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23.5. Generating HTML

Python does not come with tools to generate HTML. If you want an advanced framework for structured HTML generation, I recommend Robin Friedrich's HTMLGen 2.2 (available at, but I do not cover the package in this book. To generate XHTML, you can use the approaches covered in Chapter 24.

23.5.1. Embedding

If your favorite approach is to embed Python code within HTML in the manner made popular by JSP, ASP, and PHP, one possibility is to use the Python Server Pages (PSP) supplied by Webware (mentioned in "Webware" on page 559). Another package, focused particularly on the embedding approach, is Spyce (available at For all but the simplest problems, however, development and maintenance are eased by separating logic and presentation issues through templating, covered in the next section. Both Webware and Spyce optionally support templating in lieu of embedding.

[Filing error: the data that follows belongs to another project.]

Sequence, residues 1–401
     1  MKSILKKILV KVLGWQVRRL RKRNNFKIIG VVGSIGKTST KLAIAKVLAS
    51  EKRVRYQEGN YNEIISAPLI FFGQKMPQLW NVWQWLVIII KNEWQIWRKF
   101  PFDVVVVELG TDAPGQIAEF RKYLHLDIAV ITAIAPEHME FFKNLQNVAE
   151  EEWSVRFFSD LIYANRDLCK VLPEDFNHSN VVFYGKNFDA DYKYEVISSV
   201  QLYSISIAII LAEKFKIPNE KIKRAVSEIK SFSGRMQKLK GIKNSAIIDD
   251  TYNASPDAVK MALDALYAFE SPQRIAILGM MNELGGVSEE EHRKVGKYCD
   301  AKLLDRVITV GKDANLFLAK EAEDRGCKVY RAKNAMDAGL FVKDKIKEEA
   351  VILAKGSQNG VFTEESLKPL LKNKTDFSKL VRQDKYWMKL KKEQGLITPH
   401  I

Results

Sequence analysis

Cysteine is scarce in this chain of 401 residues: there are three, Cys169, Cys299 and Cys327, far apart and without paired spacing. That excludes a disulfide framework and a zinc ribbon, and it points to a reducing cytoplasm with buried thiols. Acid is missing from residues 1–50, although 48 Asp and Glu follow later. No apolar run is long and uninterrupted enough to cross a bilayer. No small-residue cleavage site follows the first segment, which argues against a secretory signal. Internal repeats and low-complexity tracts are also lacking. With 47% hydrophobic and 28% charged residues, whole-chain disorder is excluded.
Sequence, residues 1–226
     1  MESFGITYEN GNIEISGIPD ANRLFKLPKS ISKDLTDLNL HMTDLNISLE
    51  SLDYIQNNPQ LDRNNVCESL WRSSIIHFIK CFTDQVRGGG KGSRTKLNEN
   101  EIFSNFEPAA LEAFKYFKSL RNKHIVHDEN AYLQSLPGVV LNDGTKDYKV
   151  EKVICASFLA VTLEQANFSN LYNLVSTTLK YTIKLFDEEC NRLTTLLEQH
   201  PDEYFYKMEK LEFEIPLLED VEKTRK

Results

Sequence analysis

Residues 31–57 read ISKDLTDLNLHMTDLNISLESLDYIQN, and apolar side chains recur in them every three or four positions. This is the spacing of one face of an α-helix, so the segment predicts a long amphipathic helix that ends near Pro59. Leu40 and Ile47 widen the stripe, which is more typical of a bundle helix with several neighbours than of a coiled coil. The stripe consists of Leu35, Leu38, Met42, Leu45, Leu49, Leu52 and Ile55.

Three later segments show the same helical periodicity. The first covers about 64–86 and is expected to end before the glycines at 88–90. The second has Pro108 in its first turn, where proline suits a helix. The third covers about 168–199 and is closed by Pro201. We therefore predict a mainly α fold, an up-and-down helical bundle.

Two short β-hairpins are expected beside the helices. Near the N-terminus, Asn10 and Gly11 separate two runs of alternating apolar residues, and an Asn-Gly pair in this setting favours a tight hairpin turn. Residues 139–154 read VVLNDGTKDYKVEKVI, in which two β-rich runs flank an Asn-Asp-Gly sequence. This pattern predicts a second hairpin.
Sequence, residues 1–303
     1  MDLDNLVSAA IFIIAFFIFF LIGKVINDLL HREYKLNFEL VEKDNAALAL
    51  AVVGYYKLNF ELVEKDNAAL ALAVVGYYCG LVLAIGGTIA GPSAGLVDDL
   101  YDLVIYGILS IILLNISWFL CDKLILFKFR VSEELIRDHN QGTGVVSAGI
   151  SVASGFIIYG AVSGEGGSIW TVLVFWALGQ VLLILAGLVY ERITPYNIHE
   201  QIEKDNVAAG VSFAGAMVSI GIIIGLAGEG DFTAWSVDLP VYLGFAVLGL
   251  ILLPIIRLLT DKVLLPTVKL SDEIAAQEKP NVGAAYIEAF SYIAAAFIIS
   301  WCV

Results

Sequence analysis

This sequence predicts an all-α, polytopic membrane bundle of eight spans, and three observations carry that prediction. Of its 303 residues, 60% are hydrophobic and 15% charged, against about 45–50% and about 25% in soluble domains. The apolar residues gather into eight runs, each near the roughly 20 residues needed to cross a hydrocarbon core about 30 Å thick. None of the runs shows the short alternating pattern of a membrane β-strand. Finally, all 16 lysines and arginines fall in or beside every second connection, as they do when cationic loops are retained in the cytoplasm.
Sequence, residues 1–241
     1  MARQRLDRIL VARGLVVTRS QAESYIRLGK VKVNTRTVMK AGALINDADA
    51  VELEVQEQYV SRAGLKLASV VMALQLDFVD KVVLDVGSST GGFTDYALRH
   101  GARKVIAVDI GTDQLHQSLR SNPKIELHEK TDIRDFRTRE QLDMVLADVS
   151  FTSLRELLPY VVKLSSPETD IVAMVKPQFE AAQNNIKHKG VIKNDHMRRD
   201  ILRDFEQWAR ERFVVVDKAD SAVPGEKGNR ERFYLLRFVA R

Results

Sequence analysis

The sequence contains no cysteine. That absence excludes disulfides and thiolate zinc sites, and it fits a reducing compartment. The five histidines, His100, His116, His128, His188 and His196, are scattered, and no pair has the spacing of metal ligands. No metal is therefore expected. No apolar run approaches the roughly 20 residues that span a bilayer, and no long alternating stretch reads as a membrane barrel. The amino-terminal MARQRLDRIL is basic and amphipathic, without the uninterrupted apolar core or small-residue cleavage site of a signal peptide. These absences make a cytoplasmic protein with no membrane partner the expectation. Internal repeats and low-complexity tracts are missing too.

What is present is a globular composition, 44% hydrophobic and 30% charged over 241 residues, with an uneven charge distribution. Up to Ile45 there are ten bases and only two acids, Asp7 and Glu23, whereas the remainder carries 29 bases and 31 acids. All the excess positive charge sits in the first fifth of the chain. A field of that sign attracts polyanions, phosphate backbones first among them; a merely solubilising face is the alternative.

23.5.2. Templating

To generate HTML, the best approach is often templating. With templating, you start with a template, which is a text string (often read from a file, database, etc.) that is valid HTML, but includes markers, also known as placeholders, where dynamically generated text must be inserted. Your program generates the needed text and substitutes it into the template. In the simplest case, you can use markers of the form '%(name)s'. Set the dynamically generated text as the value for key 'name' in some dictionary d. The Python string formatting operator % (covered in "String Formatting" on page 193) now does all you need: if t is your template, t%d is a copy of the template with all values properly substituted.

23.5.3. The Cheetah Package